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"Diving In" to February with the Coral Chronicles

KEY WEST VOLUNTEERS ARE BACK IN ACTION!


In March of 2020, as a reaction to the COVID-19 pandemic and an effort to keep our team and volunteers safe, we paused our volunteer program. In April 2022 we were ecstatic to reopen the program for the Upper Keys, and with the ongoing expansion of our Key West branch, the program is now open to volunteers in the Lower Keys!


All volunteers can come diving with CRF™ for free and be trained to the level of our staff. Upon completing training volunteers are part of our Coral Crew, ready to pitch in wherever necessary from caring for the corals in our nurseries to returning them to the wild alongside us! Volunteers play a vital role in our mission. They are passionate, dedicated members of the community that invest their time and energy into our organization. All of them are valued members of our Coral Crew, eager to give back to the reefs they love!


Our first Key West volunteer training charter of the year went to our Key West Coral Tree™ Nursery on February 3rd. This was not an average training boat, but an intense day of 4 dives, knocking out the full nursery training itinerary! During nursery training we teach our volunteers nursery navigation, cleaning Coral Trees™, installing new Coral Trees™, and hanging corals in Tree™ branches, a task our team calls “filling”.


Our two volunteer trainees, Justin and Miguel were trained by their Coral Crew, Dive Training Associate Megan Fryer, Key West Reef Restoration Intern Stephen Jellec, and Dive Program Intern Haley Evans. The group descended for their first dive, and the water was sky blue, visibility about 50 ft, and fish were swimming all throughout the forest of Coral Trees™.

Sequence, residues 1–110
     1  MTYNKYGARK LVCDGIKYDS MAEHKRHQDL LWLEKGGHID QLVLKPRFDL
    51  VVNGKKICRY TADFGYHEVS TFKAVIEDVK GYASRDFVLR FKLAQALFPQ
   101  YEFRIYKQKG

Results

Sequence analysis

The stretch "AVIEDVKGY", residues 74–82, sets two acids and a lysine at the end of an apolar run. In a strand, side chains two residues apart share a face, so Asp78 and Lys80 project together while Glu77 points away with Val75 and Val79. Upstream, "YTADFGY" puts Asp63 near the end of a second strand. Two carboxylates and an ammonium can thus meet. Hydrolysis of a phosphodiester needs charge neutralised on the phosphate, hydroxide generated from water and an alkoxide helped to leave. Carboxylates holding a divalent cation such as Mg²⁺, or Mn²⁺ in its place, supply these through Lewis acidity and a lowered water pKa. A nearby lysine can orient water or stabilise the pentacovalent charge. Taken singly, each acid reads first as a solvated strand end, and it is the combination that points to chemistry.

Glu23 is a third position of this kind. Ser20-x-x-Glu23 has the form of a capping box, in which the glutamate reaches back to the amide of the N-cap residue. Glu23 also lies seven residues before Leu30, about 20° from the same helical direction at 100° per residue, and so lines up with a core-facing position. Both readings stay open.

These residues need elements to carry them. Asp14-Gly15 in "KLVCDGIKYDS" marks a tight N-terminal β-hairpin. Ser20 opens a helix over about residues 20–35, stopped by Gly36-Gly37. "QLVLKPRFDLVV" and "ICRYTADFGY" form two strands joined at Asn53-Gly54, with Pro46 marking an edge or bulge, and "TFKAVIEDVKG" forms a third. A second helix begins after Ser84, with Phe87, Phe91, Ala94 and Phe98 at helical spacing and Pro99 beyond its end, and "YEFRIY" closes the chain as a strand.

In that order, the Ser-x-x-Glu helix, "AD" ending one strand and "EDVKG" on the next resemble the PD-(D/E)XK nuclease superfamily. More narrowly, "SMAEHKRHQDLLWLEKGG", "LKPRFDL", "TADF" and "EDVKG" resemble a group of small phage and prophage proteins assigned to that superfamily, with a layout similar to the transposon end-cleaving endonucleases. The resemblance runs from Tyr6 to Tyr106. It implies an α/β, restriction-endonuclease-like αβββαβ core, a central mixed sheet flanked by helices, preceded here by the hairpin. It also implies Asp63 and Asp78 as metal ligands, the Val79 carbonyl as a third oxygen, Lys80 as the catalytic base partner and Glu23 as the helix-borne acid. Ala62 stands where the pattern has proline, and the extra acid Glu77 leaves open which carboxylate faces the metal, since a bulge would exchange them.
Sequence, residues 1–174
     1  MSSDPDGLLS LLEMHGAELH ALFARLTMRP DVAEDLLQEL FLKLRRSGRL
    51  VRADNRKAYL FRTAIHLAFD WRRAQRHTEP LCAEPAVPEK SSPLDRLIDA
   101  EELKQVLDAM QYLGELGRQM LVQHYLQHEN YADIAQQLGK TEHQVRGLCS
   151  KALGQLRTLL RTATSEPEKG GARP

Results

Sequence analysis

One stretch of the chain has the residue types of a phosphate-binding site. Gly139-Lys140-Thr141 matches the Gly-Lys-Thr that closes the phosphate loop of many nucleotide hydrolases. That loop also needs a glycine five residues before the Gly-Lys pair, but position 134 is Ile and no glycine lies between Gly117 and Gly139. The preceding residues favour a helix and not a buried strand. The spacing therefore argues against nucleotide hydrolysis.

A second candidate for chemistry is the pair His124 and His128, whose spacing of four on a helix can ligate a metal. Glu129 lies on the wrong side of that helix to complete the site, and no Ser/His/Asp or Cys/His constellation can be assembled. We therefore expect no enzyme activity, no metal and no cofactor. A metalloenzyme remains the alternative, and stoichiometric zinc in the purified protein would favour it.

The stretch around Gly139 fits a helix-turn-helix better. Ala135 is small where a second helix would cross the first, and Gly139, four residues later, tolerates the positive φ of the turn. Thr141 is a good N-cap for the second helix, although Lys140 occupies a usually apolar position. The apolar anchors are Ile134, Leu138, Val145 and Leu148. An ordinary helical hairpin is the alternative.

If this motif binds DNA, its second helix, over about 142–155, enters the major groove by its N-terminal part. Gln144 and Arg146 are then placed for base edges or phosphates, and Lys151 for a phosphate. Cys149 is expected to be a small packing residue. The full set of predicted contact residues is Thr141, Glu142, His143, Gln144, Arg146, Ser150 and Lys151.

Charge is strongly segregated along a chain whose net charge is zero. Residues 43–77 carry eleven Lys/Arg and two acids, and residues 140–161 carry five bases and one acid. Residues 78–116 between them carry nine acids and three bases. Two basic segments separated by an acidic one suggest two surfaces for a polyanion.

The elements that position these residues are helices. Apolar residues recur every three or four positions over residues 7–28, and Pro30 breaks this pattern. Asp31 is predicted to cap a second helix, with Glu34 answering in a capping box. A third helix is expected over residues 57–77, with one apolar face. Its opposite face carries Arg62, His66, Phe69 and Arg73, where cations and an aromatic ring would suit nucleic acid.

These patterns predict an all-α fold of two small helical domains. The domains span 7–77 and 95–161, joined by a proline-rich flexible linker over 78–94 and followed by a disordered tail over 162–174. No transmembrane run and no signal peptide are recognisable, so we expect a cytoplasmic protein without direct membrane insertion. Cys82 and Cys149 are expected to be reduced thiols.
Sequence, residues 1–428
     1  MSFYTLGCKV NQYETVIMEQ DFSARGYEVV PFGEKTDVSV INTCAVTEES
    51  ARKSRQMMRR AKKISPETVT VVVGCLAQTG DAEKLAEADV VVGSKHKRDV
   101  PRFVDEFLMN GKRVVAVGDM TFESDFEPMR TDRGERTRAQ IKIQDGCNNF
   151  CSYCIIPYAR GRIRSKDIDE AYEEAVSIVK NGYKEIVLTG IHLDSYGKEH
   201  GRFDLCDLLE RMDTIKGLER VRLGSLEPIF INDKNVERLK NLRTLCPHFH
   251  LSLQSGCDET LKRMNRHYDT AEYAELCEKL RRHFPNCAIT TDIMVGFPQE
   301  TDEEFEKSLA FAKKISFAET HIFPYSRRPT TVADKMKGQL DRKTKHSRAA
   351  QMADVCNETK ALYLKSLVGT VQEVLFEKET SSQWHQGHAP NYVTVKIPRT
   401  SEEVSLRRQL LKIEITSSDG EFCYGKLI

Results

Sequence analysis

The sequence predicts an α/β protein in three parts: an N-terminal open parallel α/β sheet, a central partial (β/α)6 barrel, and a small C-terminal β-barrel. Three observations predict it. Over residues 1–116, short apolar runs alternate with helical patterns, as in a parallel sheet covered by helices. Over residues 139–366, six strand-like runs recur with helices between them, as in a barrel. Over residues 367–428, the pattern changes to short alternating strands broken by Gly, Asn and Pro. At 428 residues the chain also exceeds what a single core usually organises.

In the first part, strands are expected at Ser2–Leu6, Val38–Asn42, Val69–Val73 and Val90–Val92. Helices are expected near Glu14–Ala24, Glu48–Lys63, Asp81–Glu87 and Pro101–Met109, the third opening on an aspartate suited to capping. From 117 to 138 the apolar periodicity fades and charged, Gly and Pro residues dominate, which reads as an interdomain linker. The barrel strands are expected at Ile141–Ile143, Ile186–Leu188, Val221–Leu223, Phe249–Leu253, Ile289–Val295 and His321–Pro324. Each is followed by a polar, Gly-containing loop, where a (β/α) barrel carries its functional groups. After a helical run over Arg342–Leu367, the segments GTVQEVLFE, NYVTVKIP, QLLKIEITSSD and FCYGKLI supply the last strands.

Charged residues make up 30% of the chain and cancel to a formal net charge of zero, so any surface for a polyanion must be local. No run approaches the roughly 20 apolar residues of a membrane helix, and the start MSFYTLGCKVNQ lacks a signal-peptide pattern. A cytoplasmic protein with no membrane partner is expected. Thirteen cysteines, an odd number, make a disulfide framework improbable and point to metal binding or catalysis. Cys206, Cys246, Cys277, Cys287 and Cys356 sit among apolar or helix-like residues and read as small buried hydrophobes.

Volunteer Justin stands beside CRF™ Dive Training Associate Megan before their first dive in the CRF™ Key West Nursery. ©Coral Restoration Foundation™


On Dive #1 the volunteers were tasked with navigating to three randomly chosen Trees™ then back to the original boat mooring pin. This task helps divers learn to navigate and ensures that even on a low visibility day they will be able to find their way back to the boat. All CRF™ nurseries are built in a grid, each Tree™ tagged with a letter and number corresponding to a row and column. Understanding the grid system is crucial to finding your way, especially in our larger nurseries that hold up to 500 Trees™! Justin and Miguel, though, have extensive navigation experience and found their Trees™ with ease, passing the navigation test with flying colors and even spotting a drum, orange filefish, giant hermit crab, and a huge school of silversides on the route!

The CRF™ Coral Tree™ Nurseries are all built on a grid system to ensure navigation is easy! ©Coral Restoration Foundation™


Dive #2 focused on Tree™ cleaning and on Dive #3 they installed Coral Trees™. Installation is mostly dependent on knot tying ability. CRF™ almost exclusively uses the taught-line hitch, or the 'hamburger knot' as the teams refers to it. This tends to be the biggest challenge for those learning Tree™ instillation. The knot must be tied six times, to install one tree. After a couple tries our volunteers successfully secured the new Trees™ in the water column ready to be filled with coral fragments.

CRF™ volunteers are trained to the level of our staff. Knot-tying is one of the many skills they learn! ©Coral Restoration Foundation™


Dive #4 was a “frag and fill”. Which is what our team calls fragmenting pieces of coral to then hang in a Coral Tree™. Stephen and Megan used loppers to fragment elkhorn corals down from the size of a rotisserie-chicken into more manageable chicken nuggets. In case you didn’t already know, fragmentation is a natural part of branching corals life cycles. CRF™ and the rest of the restoration community has been able to utilize this feature of corals to increase populations, increase growth rate, and restore reefs! It took all 5 divers a full hour to fill two Coral Trees ™ with newly made corals. Once on the boat they headed back to the dock for a much-needed evening of rest!

A CRF™ diver fragments elkhorn corals to be placed in a Coral Tree™ ©Coral Restoration Foundation™